When Palin accepts the vice-presidential nomination on Wednesday, it’ll be nothing less than a John McCain moment. Sarah Palin wouldn’t be there without McCain having made this choice. What hairs stood up on the back of his neck when he decided on Palin? Was this a choice conjured from a Magic 8-Ball? What did he see in her, what did he sense in her without having seen her at all, that made him commit to the idea of making her a vice-presidential nominee?

The convention, and the nation, better get more than a glimpse of that on Wednesday night. Like it or not, Palin’s speech will be a snapshot referendum on John McCain’s judgment, his sense of who has the intellect, the wisdom and the inner fire to assume the office he seeks, if necessary, in the obligatory heartbeat. When she speaks, Sarah Palin needs to deliver John McCain — and needs to do it better than John McCain can deliver John McCain.

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We can see what’s probably coming right now: In prime-time on Wednesday, Gov. Sarah Palin will step in with an 0-2 count and knock it out of the park, or get close enough to an oratorical home run to satisfy the convention crowd … maybe enough to get independent votes pulling their chins again … maybe enough to get Team Obama brewing that extra pot of late-night coffee.

But that’s in the short term. The repercussions of McCain’s choice haven’t really appeared yet, for his campaign or his party. That news is just now, literally, breaking: The Washington Post is reporting that Palin was approved for the veep spot after undergoing the full in-depth background interview by campaign officials only the day before McCain offered her a spot on the ticket. The day before. You get more vetting than that applying for a job working the counter at Dairy Queen.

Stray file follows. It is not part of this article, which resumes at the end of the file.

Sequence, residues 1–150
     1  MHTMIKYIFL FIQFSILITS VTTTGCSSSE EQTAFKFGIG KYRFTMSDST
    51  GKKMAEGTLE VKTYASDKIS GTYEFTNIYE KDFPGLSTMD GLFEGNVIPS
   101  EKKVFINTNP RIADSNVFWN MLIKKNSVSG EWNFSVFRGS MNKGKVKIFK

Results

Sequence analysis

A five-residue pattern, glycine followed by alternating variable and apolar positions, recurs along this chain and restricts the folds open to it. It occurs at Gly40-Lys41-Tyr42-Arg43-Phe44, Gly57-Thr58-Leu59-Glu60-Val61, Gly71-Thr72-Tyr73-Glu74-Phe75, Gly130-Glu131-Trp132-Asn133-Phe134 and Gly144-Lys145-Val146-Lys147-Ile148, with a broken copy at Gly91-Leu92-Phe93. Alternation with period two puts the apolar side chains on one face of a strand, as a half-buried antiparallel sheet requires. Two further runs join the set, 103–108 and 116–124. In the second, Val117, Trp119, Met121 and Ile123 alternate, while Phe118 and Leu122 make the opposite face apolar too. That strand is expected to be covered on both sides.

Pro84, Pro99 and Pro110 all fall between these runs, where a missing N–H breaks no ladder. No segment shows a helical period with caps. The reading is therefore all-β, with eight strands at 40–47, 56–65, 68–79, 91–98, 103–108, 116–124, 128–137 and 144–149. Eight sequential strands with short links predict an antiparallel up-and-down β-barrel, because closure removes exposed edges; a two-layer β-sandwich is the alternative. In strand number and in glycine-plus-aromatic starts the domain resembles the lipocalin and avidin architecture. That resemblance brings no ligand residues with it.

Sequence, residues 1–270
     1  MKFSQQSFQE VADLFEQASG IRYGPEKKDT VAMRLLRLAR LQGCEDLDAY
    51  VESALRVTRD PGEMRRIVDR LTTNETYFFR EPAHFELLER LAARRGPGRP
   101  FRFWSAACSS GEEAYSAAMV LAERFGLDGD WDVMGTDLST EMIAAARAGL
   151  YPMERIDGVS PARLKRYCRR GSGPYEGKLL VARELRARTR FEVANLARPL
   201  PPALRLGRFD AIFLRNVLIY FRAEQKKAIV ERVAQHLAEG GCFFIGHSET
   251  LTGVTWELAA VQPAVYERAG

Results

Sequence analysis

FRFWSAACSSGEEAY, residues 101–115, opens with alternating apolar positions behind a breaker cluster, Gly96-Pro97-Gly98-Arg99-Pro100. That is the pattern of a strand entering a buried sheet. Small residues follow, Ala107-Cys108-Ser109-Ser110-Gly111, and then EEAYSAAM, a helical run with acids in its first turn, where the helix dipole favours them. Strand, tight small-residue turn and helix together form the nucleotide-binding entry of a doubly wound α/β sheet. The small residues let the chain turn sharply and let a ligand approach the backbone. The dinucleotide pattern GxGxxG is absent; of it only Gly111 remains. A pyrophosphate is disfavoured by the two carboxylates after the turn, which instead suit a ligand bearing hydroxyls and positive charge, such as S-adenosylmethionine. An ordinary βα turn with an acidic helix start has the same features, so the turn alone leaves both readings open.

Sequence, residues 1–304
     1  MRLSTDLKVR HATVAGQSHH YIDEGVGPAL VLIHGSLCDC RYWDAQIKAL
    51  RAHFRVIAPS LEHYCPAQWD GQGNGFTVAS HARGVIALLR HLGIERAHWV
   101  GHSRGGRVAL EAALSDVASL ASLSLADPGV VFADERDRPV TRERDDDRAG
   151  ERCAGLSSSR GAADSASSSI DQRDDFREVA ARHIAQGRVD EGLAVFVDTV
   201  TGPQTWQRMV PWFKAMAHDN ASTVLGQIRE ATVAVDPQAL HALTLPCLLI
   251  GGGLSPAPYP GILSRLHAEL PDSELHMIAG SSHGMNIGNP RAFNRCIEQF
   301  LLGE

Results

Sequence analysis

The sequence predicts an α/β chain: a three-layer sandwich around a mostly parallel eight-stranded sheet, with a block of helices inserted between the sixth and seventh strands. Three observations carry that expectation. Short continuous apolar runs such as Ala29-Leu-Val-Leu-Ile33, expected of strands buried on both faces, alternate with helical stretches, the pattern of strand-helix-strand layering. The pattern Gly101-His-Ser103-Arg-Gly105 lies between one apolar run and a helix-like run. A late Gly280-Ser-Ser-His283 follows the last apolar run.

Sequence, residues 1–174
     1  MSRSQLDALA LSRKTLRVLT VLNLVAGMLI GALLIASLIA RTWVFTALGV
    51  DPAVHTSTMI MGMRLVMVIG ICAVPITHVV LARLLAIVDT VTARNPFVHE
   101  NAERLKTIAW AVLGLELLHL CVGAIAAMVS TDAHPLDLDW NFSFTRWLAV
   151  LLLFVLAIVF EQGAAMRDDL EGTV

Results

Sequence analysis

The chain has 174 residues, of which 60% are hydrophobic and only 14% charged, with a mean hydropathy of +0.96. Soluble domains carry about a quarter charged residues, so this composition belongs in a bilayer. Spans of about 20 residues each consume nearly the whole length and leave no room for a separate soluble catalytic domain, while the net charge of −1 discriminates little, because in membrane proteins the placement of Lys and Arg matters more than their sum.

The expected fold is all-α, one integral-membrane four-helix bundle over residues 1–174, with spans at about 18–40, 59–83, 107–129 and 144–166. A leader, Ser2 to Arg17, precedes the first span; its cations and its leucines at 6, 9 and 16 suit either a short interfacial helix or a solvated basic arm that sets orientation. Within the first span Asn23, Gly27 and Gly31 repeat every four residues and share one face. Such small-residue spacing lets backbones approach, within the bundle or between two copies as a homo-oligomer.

A proper vetting by Team McCain would have revealed that a special investigation is now underway into Palin's decision to fire the state Public Safety Commissioner; that Palin’s daughter has been pregnant since at least April; that her husband has reportedly been active in an Alaska secession movement; that Palin helped run Ted Stevens’ 527 political group —McCain’s opposition to such organizations has been a cornerstone of his campaign.

Oh, wait a minute — the McCain campaign knew all of this beforehand! None of this came as a surprise; none of it registered a moment's hesitation in the McCain brain trust.

The relative rashness of McCain’s decision, made apparently with only the lightest application of the vetting process, sears the Maverick brand into John McCain’s political persona in a way that’s actually counterproductive.

It arouses again the idea of McCain as impetuous, emotionally driven, less an agent of deliberation than of political volatility. It underscores for the American people the risks not of electing a maverick but of maybe electing the wrong kind of maverick — a new version of the tragic political iconoclast McCain seeks to replace.
Image credit: Magic 8-Ball: public domain.